Inclusion

If innocence had an animation video writ on every frame, Bhimsain's 1974 classic Ek Anek Ekta wins hands down as far as two generations of Indians are concerned.

"I am handicapped but it hasn’t stopped me from succeeding and I am glad that I can inspire other disabled people in India. I have developed a lot of innovative work in ICT for my poor children and I am glad it has been recognised,” said Mr. Pradeep Negi, who was physically disabled at the age of two due to polio.

English

These videos are produced by TESS-India to support school leaders in enhancing the quality of teaching and learning in their primary or secondary school. We are sharing the 2nd part of the series.

The article looks at the element of inclusion in children's literature. But it makes the strong point that ALL children must have access to reading good books. It also explores the different equalising aspects in children's books where children from all backgrounds meet amidst the pages of a 'darn good story'!

“There is always one moment in childhood when the door opens and lets the future in.”- Graham Greene.

The article presents the need for the resource room as a step towards inclusion of children with learning disorders. It explains the purpose of the resource room and the external support it requires in order to be a success. This article analyses some of the practical difficulties faced by resource rooms as well as some of the attitudinal barriers of teachers and management that create obstacles in its endeavour to serve its purpose.

Inclusive practice in  the early years classroom is about collaborative partnership between mainstream teachers and special needs teachers. A flexible, creative problem solving approach helps to foster a dialogue that leads to innovation and fun for all involved.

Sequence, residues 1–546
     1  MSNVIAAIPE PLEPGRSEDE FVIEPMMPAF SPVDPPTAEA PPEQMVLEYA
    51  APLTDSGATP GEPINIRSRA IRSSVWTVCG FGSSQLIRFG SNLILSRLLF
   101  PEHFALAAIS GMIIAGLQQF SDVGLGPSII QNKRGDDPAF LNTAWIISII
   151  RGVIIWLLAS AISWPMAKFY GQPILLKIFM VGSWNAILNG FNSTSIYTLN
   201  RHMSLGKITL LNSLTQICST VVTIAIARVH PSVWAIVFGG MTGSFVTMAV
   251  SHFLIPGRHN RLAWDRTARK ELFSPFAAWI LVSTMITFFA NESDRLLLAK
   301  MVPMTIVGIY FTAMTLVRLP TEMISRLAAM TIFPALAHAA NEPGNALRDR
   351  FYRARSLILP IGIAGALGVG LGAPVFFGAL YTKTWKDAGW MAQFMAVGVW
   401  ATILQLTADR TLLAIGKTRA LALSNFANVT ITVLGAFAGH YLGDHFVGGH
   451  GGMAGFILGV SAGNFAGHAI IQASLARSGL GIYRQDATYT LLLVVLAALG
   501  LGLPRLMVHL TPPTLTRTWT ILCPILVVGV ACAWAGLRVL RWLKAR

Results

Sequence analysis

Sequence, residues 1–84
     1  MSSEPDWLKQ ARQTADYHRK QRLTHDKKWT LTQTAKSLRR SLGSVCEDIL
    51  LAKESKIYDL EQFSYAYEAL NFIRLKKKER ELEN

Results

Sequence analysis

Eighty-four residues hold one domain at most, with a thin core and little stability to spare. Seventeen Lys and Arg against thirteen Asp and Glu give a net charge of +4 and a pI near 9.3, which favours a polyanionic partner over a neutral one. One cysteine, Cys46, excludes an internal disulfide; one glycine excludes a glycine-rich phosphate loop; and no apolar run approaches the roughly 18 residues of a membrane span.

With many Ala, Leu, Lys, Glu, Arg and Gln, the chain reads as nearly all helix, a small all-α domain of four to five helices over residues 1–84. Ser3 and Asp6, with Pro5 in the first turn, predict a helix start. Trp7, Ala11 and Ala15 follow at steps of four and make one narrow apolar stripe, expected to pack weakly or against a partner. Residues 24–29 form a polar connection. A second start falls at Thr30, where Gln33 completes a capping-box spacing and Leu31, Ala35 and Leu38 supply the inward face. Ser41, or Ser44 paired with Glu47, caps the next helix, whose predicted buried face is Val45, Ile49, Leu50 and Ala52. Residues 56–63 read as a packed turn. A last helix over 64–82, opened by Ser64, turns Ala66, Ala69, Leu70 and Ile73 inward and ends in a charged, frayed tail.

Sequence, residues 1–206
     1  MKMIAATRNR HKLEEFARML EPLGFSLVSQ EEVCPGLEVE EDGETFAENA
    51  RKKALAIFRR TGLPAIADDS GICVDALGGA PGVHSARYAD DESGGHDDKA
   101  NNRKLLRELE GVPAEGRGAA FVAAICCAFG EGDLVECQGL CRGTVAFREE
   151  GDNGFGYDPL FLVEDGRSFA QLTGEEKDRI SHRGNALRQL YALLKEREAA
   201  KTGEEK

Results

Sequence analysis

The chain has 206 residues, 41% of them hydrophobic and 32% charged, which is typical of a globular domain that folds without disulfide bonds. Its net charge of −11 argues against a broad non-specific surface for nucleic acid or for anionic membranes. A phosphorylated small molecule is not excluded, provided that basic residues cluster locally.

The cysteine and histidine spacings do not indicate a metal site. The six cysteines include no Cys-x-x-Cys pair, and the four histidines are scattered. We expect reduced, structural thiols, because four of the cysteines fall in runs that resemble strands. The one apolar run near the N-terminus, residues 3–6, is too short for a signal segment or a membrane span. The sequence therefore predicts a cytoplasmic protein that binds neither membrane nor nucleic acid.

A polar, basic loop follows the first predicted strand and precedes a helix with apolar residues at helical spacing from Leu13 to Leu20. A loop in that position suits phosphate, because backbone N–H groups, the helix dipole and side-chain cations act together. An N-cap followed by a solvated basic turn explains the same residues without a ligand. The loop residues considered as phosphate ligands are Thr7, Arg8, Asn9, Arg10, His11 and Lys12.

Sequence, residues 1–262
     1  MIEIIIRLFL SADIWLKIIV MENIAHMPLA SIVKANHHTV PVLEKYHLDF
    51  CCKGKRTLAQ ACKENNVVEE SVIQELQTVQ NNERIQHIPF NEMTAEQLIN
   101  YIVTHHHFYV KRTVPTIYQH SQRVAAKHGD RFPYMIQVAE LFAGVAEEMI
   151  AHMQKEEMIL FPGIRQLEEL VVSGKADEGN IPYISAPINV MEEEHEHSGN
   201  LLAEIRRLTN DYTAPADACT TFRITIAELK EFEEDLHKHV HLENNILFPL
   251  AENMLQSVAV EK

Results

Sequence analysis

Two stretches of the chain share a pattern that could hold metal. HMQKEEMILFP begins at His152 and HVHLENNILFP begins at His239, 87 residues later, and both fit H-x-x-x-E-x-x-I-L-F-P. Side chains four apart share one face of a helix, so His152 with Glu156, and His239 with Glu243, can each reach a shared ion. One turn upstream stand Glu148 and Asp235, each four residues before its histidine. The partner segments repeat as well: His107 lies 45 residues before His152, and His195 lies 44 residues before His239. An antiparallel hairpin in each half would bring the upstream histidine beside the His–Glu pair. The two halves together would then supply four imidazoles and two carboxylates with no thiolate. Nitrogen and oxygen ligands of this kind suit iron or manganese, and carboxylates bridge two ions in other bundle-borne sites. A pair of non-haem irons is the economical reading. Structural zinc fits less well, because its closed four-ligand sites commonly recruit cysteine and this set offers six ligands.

This article analyses class eight science (NCERT) textbooks and finds that the texts assumes middle class, urban male students as learners. It is not inclusive of various social groups and does not present multiple perspectives.

The article considers the dilemma that a teacher may face in teaching the theme of marginalisation as part of Social Science to students who come from marginalised backgrounds. The existence of good quality teaching learning material such as Social and Political Life III, textbook for Class VIII (Delhi, NCERT, 2008) encourages teachers and students to raise a range of difficult questions that would need serious engagement. This delineates the political and ethical role that teachers are bound to play.

The article is based on my reflections about how inclusion and exclusion are experienced through day to day interactions amongst students and between students and teachers. I also share about certain practices in school that form the school culture and the  role of school leadership in shaping the school; leading to experiences of inclusion. The article shares micro level observations about interactions in school which indicate the dynamic nature of inclusion and exclusion.

While inclusive education is the desired practice that we plan towards, one needs to consider the possible barriers to its successful running. Barriers that exist at the school and community levels, that exist due to the inadequate training of teachers, that exist due to cultural beliefs and practices and those that come about from unequal socio economic circumstances. Attitudinal changes leading to changes in current practices are necessary for real inclusion.

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